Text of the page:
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Not just paper: the importance of ‘non-traditional’ records

Back in March 2014, when we used to publish a regular Find & Connect newsletter, our former Lead Archivist, Mike Jones, wrote a piece about the importance of ‘non-traditional’ records. Mike wrote:

we must be aware that we have a collective responsibility to locate, preserve and provide access to more than just paper.

Those of us working in this field need to keep raising awareness. Case files and admission registers are critical records, but so too are paintings, walls, buildings, gardens, mementos and other objects. We must seek to preserve them, at least digitally. Such records sometimes contain more meaning and emotion than words on a page. Sometimes they are the only records left.

(These days, when he is not working on his PhD, Mike can be found blogging on Context Junky and on Twitter .)

Mural at Magill Training Centre (2012)

Mural at Magill Training Centre
(2012)

The ‘record’ Mike was writing about was a mural that used to exist at Magill Training Centre in South Australia. The building was demolished in January 2014. Our historians, Karen George and Gary George, had tried to get access to the site so they could photograph this mural before it disappeared. Unfortunately, with no advanced warning the mural was demolished before they could take any photographs. While this record was not made of paper, it was still an important record.

There’s a postscript to this story about the destruction of the mural at Magill. One of our SA historians, Gary George, came across a blog post in August 2014 which had photos of Magill as well as St John’s Boys Town. Gary contacted the blogger, Dave Walsh, in the hope that he might know something about the mural. A few days later, Dave replied and posted 2 images of the mural. Dave’s image is now part of the information we have about Magill on the Find & Connect web resource.

To quote Mike’s newsletter piece again:

We know via our stakeholders, Senate reports and other sources how important records are to this community. We must be aware that we have a collective responsibility to locate, preserve and provide access to more than just paper. Those of us working in this field need to keep raising awareness. Case files and admission registers are critical records, but so too are paintings, walls, buildings, gardens, mementos and other objects. We must seek to preserve them, at least digitally. Such records sometimes contain more meaning and emotion than words on a page. Sometimes they are the only records left.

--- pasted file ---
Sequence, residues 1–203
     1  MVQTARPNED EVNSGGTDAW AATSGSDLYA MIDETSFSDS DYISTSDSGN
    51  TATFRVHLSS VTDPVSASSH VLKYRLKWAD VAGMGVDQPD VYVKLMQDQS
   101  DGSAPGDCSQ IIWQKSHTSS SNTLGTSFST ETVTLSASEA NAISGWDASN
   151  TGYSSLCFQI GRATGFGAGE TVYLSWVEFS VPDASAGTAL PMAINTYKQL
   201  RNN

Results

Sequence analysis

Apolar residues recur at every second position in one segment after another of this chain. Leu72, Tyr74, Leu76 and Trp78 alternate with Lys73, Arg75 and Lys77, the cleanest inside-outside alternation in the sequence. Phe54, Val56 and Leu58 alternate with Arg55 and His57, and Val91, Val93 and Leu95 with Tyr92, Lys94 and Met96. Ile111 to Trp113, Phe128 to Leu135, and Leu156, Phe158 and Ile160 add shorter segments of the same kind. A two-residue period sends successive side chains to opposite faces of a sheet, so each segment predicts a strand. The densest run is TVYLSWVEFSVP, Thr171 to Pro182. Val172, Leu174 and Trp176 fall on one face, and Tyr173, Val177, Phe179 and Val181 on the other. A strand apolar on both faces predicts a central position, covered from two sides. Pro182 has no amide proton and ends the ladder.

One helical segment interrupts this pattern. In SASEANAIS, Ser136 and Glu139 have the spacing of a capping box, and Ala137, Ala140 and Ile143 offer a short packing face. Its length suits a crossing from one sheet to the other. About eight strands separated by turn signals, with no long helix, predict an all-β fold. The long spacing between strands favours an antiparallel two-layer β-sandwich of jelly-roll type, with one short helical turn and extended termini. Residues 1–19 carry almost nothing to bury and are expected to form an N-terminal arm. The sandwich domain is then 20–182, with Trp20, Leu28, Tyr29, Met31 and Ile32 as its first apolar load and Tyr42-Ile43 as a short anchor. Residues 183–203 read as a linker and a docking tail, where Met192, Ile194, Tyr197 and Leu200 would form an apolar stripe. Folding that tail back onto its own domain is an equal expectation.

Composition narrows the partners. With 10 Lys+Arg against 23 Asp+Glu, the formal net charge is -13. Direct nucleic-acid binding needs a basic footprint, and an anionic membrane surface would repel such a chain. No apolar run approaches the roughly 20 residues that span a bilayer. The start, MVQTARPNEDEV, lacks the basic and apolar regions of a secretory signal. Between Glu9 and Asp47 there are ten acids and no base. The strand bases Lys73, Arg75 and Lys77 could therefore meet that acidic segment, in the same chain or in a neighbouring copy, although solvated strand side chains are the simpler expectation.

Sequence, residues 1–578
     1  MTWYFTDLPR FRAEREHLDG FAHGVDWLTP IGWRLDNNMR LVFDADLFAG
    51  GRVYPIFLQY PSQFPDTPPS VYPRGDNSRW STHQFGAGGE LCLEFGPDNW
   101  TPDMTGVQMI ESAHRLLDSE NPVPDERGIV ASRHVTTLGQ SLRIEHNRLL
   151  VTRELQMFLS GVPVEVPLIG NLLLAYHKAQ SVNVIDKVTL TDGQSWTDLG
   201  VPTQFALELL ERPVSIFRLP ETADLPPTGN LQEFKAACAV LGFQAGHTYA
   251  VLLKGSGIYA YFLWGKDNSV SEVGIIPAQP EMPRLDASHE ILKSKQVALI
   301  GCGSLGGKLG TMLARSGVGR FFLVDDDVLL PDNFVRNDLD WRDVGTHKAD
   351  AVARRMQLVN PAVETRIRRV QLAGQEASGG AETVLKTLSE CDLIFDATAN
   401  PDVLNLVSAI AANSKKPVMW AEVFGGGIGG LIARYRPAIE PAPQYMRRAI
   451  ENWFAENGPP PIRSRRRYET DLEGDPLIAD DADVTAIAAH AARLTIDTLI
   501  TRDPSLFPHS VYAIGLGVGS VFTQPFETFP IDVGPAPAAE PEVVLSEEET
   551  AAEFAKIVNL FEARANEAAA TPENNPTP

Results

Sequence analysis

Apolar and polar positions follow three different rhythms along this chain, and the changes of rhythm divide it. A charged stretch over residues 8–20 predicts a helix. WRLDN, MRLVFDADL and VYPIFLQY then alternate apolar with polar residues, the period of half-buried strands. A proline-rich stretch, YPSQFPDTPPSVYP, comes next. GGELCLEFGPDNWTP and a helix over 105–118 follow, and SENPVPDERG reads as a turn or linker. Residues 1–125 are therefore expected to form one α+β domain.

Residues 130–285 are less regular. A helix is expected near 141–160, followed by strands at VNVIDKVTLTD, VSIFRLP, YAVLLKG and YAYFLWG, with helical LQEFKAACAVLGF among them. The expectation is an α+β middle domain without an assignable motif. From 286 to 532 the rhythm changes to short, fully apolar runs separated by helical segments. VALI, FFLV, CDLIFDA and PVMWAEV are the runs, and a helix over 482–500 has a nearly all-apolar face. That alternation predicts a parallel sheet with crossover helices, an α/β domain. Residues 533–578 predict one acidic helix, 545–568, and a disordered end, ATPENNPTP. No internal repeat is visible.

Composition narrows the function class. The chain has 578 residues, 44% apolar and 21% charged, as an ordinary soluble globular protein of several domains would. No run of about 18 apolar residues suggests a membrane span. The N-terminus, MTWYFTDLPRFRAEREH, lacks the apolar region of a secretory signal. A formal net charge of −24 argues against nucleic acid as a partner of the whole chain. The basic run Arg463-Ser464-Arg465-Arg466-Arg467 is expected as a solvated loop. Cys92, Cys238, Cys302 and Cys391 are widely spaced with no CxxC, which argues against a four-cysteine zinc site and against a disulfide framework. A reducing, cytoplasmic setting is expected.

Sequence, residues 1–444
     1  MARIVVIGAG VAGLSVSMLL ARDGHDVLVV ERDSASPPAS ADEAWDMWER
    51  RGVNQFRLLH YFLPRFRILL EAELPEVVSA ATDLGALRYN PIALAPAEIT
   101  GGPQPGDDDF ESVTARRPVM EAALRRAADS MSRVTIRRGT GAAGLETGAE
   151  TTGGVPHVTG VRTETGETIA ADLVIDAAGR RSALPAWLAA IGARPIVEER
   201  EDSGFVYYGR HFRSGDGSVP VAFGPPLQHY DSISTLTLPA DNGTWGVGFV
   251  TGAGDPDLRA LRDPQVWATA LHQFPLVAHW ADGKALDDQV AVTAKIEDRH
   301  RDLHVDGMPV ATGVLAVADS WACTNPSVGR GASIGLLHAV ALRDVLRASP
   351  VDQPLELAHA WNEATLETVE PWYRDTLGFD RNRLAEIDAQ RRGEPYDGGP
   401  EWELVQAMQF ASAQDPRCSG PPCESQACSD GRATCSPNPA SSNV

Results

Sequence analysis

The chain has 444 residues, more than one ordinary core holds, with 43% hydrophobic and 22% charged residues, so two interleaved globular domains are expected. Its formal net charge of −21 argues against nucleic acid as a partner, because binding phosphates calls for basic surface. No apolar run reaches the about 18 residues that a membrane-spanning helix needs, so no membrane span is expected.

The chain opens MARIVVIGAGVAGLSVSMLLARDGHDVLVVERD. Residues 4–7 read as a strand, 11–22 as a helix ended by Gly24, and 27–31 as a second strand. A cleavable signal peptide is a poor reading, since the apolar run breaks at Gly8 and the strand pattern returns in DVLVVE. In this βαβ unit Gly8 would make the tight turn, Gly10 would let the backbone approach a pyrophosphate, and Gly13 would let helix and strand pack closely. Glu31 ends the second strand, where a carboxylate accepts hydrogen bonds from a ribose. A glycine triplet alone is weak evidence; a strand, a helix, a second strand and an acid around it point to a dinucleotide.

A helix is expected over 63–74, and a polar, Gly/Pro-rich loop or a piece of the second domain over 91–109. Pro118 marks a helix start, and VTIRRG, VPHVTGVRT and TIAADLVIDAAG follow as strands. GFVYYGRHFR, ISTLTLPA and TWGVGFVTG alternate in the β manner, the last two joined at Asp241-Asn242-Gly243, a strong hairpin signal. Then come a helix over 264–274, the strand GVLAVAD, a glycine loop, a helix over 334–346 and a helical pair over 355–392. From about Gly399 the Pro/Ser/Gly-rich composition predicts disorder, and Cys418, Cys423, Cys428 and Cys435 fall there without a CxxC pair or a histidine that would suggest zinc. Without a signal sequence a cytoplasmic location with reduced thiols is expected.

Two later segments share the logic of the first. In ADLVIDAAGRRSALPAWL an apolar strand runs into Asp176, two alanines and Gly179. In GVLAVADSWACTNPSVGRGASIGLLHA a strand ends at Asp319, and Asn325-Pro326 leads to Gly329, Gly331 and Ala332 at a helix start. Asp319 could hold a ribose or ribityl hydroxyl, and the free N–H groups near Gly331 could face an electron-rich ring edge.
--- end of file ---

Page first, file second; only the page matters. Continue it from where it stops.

2 Comments

  1. I very much agree with this post. In Ballarat earlier this year, the Base Hospital handed back to Ballarat CAFS a set of painting of nursery rhymes that once hung on the walls of the Orphanage. Many former residents will have fond memories of these simple artworks that lightened up their otherwise stressful days. CAFS will include the paintings along with many other artefacts in it new Heritage Centre to be opened early in 2016. The site of the former Orphanage is now owned by private developers who have been forced kicking and screaming to accept that two modest but historic buildings along with a wall and a memorial garden will be saved from the wholesale demolition that is proposed. Former residents will be able to show their children and grandchildren something tangible from their childhoods.

    • Cate O'Neill

      October 23, 2015 at 1:36 pm

      Thank you, Frank – what a perfect example of the meaning and significance that objects can have. I look forward to visiting the CAFS Heritage Centre, and congrats to all who have lobbied so hard to save the former Orphanage.

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